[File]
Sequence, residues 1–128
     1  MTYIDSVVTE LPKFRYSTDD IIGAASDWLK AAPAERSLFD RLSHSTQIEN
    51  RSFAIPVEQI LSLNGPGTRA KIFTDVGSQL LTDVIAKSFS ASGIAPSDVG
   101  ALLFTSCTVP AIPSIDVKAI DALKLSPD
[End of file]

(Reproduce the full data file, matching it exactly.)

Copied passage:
Sequence, residues 1–128
     1  MTYIDSVVTE LPKFRYSTDD IIGAASDWLK AAPAERSLFD RLSHSTQIEN
    51  RSFAIPVEQI LSLNGPGTRA KIFTDVGSQL LTDVIAKSFS ASGIAPSDVG
   101  ALLFTSCTVP AIPSIDVKAI DALKLSPD